bought. In particular, marketers must monitor postpurchase satisfaction, postpurchase actions, and postpurchase product uses. Postpurchase Satisfaction The buyer’s satisfaction with a purchase is a function of the closeness between the buyer’s expectations and the product’s perceived performance. 34 If performance falls short of expectations, the customer is disappointed; if it meets expectations, the customer is satisfied; if it exceeds expectations, the customer is delighted. These feelings of satisfaction influence whether the customer buys the product again and talks favorably or unfavorably about the product to others. The importance of postpurchase satisfaction suggests that product claims must truthfully represent the product’s likely performance. Some sellers might even understate performance levels so that consumers experience higher-than-expected satisfaction with the product. Postpurchase Actions The consumer’s satisfaction or dissatisfaction with the product after purchase will influence subsequent behavior. Satisfied consumers will be more likely to purchase the product again. This has been confirmed by the data on automobile brand choice, which show a high correlation between satisfaction with the last brand bought and intention to rebuy the brand. One survey showed that 75 percent of Toyota buyers were highly satisfied and about 75 percent intended to buy a Toyota again; 35 percent of Chevrolet buyers were highly satisfied and about 35 percent intended to buy a Chevrolet again. Satisfied customers also tend to say good things about the brand to others, which is why many marketers say: “Our best advertisement is a satisfied customer.”35 Dissatisfied consumers, on the other hand, may abandon or return the product; seek information that confirms its high value; take public action by complaining to the company, going to a lawyer, or complaining to government agencies and other groups; or take private actions such as not buying the product or warning friends.36 In these cases, the seller has done a poor job of satisfying the customer.37 Marketers can use postpurchase communications to buyers as a way to reduce product returns and order cancellations.38 Computer companies, for example, might take a number of actions, including sending e-mail messages to new buyers congratulating them on having selected a fine computer, placing ads showing satisfied brand owners, soliciting customer suggestions for improvements, and providing channels for speedy resolution of customer complaints. Postpurchase Use and Disposal Marketers should also monitor how buyers use and dispose of the product after purchase. The various options that are open to consumers are shown in Figure 5.4. If consumers store the product and never use it, the product is probably not very satisfying, and word-of-mouth will not be strong. If they sell or trade the product, new-product sales will be depressed. Consumers sometimes find new uses for a product, as Avon discovered when its customers talked about Skin-So-Soft bath oil and moisturizer as an insect repellant. This prompted Avon to seek and receive Environmental Protection Agency approval so it could officially tout Skin-So-Soft as a triple-action product that provides insect repellent, waterproof sunscreen, and moisturizers.39 As Figure 5.4 indicates, getting rid of the product permanently leads to a new set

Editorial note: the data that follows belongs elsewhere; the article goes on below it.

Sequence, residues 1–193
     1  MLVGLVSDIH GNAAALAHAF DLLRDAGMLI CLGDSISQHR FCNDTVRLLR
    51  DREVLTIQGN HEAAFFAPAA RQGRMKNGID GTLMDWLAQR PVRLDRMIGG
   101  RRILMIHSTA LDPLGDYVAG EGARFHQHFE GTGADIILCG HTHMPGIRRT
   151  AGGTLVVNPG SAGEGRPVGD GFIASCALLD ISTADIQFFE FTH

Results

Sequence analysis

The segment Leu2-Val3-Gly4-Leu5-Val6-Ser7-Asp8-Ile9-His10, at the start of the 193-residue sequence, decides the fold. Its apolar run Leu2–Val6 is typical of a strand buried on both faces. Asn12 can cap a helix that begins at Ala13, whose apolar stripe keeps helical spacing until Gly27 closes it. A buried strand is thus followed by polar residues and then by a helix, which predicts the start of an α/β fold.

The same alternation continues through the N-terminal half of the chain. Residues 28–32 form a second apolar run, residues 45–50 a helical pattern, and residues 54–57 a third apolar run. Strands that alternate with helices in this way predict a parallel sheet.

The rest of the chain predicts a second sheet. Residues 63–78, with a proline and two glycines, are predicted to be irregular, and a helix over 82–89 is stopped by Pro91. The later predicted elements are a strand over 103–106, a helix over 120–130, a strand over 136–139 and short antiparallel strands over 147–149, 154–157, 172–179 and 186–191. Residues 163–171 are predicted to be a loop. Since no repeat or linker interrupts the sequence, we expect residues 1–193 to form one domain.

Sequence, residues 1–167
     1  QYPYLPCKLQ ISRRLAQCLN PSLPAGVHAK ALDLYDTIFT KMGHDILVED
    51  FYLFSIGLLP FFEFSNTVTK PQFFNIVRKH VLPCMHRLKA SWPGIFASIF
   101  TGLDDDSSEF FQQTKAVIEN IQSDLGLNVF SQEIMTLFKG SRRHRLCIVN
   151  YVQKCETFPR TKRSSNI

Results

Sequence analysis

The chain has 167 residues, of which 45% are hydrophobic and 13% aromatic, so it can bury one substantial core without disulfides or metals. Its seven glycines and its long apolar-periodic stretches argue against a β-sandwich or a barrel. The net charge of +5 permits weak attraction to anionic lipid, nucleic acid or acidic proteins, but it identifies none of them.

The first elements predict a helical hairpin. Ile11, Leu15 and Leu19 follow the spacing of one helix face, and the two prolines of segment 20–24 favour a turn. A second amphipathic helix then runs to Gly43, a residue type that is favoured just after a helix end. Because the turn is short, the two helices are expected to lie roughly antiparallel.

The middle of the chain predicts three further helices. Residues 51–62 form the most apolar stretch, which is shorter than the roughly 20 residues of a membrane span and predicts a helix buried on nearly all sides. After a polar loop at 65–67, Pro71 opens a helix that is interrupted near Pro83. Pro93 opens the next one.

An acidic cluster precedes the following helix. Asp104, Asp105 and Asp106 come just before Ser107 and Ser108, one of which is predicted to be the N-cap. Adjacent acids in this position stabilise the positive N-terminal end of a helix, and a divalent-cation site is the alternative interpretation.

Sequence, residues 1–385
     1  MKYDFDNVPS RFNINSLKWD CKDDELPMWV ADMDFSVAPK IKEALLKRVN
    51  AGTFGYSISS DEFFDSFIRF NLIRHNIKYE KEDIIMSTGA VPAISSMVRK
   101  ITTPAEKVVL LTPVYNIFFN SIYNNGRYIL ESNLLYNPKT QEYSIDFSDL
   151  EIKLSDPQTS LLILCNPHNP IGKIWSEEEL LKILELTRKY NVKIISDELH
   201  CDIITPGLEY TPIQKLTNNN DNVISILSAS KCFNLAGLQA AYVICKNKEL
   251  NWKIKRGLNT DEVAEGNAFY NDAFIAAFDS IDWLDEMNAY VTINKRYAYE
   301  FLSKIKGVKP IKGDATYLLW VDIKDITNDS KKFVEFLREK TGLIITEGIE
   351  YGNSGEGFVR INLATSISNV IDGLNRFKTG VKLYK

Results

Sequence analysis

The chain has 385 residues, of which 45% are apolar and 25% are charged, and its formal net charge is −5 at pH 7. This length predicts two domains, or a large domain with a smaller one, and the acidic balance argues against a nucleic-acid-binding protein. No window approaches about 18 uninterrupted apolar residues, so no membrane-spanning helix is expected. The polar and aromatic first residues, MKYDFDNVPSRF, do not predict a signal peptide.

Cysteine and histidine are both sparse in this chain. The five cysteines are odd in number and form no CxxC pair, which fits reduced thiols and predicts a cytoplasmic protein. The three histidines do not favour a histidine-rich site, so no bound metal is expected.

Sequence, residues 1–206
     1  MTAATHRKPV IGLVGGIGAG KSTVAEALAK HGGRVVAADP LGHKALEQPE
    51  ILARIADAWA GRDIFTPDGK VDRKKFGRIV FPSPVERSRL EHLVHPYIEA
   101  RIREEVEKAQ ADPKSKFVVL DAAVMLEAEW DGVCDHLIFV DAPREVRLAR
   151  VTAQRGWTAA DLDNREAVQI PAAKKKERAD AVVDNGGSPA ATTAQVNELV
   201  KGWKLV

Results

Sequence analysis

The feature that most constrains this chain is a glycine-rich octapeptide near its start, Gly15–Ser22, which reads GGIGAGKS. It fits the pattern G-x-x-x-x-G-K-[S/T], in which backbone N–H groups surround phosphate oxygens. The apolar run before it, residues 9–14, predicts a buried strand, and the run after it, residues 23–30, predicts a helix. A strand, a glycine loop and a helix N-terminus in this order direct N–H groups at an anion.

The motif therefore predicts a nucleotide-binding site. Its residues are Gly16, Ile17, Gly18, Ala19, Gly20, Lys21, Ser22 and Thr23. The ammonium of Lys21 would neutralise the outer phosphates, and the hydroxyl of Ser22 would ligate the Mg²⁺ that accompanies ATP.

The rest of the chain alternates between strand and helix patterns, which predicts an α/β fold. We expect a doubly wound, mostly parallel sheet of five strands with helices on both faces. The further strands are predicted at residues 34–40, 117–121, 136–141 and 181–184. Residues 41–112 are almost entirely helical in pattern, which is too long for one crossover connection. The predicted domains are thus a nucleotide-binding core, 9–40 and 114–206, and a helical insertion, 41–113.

of options. If consumers throw the product away, the marketer needs to consider how they dispose of it, especially if it can hurt the environment. For example, increased public awareness of recycling and ecological concerns as well as consumer complaints about having to throw away beautiful bottles led French perfume maker Rochas to think about introducing a new, refillable bottle fragrance line. This is a more creative, satisfying response to an element that could potentially cause dissatisfaction among buyers. Just as firms that target consumers must understand how and why consumers buy, those that target businesses and other organizations must be aware of the differences between consumer and business buying behaviors and the way that businesses make buying decisions. These topics are covered in the next chapter.